17 years


This month, Jeff and I will celebrate 17 years of marriage.  Seventeen years sounds like a really long time, and it makes me feel both old and awed.  It is tempting to feel a sense of accomplishment, but I suspect there is no room for that sort of pride in the daily work of marriage, which, in my experience, seems to require high doses of humility, grace, and forgiveness.  When we first got married, had you asked me what I thought our lives would look like after almost two decades, I am not sure I would have even been able to call up a mental picture for you.  When you’re starting out at something, 17 years sounds like a really long time.  When you look behind you, it feels like the blink of the eye, and you stand there wondering where the time went.  It feels like we have been married forever, and yet it feels like just yesterday that I walked down the aisle to my groom.

We were just kids when we got married, really, both 23 years old at the time.  I remember when we got engaged, my parents and all their friends would shake their heads and say, “but you’re just so young to get married!”  We felt really indignant when we heard these comments.  I mean, we had both finished our undergraduate education (Jeff graduated a mere 2 weeks before our wedding, I had graduated and been a working woman for 2 years at that point, so worldly I was).  Lots of our friends hadn’t even waited until they finished school to get married, finishing out their senior year in the “married housing” dorm.  My dad almost lost his mind about how we could possibly support ourselves.  But I had a little apartment in the upper part of a home that cost me $400 per month in rent and utilities.  We bought a second car and took on a second car insurance payment.  Other than that, especially compared to present day, our bills were pretty minimal and our expectations for grandiose living were very low.  Aside from the stifling heat that overtook our small apartment in the summer and my ongoing power struggles with the landlady who lived downstairs, we were happy there, and we felt like we had everything we needed.

There is lots of scientific research out now that indicates that your frontal lobe, important as it is in higher-level decision making and executive function, doesn’t even fully develop until your mid- to late twenties.  So I think about that time in our lives as a time where we literally grew up together.  It is easy to romanticize those years, but I remember they weren’t always easy.  We had enough money to get by, but it wasn’t much.  We used to joke in those years that we were experiencing the “poorer” part of our “for richer or poorer” wedding vow.  Both of us took our turns in grad school, launched our careers, endured a long and frustrating process to obtain our green cards, and amidst it all we were learning all of the important lessons that inevitably come when you weave two people together with all of their individual goals, desires, and expectations.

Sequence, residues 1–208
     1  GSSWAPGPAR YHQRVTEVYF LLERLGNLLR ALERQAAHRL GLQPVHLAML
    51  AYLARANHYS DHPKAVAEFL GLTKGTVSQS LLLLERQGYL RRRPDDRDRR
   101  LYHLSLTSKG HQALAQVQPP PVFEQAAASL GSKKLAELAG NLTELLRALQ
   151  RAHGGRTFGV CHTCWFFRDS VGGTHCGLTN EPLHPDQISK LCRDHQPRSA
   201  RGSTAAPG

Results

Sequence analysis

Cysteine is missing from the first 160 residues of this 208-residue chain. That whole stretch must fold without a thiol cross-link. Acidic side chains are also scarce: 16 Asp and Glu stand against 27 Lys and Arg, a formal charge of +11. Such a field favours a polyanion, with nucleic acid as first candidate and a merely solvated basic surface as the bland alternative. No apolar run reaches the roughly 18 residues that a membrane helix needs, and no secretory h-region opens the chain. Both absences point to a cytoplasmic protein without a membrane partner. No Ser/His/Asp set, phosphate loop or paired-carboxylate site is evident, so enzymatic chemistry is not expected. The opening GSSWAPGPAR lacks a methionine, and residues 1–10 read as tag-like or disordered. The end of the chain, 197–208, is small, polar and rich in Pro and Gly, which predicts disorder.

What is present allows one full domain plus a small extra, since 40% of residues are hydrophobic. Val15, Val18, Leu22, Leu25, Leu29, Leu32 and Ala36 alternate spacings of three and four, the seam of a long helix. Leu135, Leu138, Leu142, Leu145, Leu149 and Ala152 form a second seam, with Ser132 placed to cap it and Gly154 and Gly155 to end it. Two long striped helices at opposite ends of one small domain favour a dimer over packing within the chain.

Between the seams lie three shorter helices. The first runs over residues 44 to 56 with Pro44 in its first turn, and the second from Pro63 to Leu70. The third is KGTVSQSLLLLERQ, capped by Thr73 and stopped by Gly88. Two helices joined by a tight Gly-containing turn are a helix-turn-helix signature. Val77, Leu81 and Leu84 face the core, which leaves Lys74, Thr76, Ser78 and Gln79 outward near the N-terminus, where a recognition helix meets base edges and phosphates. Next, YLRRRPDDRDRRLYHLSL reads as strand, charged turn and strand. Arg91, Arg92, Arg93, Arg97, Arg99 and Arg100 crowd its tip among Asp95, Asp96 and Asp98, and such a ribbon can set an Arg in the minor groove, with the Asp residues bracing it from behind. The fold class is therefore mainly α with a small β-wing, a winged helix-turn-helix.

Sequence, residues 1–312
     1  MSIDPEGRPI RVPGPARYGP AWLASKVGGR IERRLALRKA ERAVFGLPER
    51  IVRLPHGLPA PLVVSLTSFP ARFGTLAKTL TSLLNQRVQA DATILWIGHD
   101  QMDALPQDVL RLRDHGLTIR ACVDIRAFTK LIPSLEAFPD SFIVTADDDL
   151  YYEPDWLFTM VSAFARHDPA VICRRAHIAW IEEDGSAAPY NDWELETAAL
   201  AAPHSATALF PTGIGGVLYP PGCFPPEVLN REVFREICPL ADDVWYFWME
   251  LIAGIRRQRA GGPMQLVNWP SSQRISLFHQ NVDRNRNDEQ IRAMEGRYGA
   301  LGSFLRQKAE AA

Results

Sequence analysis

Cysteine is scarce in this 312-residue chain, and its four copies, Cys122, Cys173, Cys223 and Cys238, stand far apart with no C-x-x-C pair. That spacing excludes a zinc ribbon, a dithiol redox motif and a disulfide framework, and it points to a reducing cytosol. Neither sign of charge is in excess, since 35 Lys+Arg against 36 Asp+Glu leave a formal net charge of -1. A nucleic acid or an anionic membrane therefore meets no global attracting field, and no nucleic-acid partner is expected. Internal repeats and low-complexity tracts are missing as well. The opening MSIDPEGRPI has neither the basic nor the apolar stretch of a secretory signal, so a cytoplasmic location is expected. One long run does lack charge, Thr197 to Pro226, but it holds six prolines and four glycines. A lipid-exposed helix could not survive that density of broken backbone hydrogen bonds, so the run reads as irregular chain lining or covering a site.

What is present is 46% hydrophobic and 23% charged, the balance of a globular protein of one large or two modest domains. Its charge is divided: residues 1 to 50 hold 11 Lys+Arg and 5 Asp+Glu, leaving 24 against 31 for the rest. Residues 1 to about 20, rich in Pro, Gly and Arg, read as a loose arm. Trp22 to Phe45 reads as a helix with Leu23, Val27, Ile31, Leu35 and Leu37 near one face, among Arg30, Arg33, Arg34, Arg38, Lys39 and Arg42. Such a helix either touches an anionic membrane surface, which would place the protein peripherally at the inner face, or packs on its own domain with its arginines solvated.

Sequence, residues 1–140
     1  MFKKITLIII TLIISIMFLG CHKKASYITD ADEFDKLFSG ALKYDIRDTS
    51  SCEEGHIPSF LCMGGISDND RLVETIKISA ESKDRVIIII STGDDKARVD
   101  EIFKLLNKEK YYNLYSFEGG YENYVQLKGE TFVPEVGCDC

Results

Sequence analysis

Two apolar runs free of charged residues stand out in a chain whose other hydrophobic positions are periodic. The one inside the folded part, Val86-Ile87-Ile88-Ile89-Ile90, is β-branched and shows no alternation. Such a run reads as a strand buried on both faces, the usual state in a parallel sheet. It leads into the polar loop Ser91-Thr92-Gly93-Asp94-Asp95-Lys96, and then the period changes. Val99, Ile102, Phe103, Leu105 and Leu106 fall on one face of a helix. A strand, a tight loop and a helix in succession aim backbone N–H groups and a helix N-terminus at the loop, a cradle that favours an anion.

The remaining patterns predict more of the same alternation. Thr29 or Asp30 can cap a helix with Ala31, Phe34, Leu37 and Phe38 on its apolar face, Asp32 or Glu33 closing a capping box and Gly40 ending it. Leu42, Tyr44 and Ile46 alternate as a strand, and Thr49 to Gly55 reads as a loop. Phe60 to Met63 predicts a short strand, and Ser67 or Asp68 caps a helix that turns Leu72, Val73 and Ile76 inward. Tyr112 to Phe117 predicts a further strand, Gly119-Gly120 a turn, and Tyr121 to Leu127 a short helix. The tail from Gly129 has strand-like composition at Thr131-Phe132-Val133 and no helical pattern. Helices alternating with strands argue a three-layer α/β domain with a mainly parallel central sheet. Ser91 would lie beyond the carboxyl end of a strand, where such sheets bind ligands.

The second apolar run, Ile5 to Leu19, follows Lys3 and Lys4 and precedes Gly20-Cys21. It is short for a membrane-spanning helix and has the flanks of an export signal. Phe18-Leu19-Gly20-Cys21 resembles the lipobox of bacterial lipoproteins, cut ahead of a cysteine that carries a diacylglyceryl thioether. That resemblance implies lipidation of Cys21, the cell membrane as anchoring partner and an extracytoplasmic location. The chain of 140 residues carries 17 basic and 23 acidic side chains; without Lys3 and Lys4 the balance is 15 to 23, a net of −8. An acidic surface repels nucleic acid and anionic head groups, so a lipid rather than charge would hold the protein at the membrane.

When we were newlyweds, we would talk about what life would be like after we had been married for 10 years.  It sounded so far away, and we agreed that taking a trip to Hawaii would be the best way to celebrate such a milestone.  Fast-forward to our 10-year anniversary in 2009.  After a lengthy battle with infertility, we had a 2 and 1/2 year old and a 7 month old.  Needless to say, nobody was going to Hawaii.  We managed to pawn the kids off on my parents and stay in a hotel in downtown Toronto for 2 nights.  This started a downward spiral of anniversary celebrations that took a backseat to all of the daily madness that sets in when you have a young family, and there is no time or money to plan for a relaxing, romantic getaway in a month packed full of end-of-year school activities, extracurricular activities, Memorial Day parties, yard work, pool opening, and the like.

Anniversary gift-giving has also become problematic.  Pretty much anything we would buy for one another would just come out of our monthly budget, so you can’t just go hog wild on gifts.  Also at this point, if there is something either one of us needs, we usually will just go buy it if funds allow.  For instance, Jeff just bought his umpteenth bike last month.  After 17+ years of buying birthday, Christmas, Valentine’s, and anniversary gifts for my man, I am just clean out of original ideas.  I looked up the traditional anniversary gifts given by year of marriage, which wasn’t much help.  At 15 years, you are traditionally supposed to give crystal, and at 20 years you give china.  I know that my husband would love to receive both of these things.  However, there are no traditional gift suggestions for the years that lie between 15 and 20.  So I guess you give crystal and then save up for 5 years for some china.  Or maybe we should save up to go to China?  Hmmm.  Anyhow, this year I settled on a public declaration of my love in blog form, and also a card which I procured from Walgreens for $3.99.  I will save the card until the actual day though, because I don’t want to spoil the surprise.

And so, here we are.  Most likely we will ring in our 17th year with dinner and a movie, not unlike the majority of our date nights.  Yes, it is a little sad, but at this point we are pretty comfortable with being boring like that.  Because the joy of it is that when we do get a babysitter and a quiet table for two, we get to catch up with each other like old friends.  I get to rediscover why I liked this guy in the first place, the one who sold his bike to buy my engagement ring.  I get to see how that boy I married is growing and changing before my eyes, and I get to cheer him on while he does it.  And I am not exactly the same girl he married all those years ago.  He may have gotten a little more than he bargained for, honestly.  But he surprises me every day by loving me anyway.  Now I just need to teach him to pick up his socks and laugh at my jokes.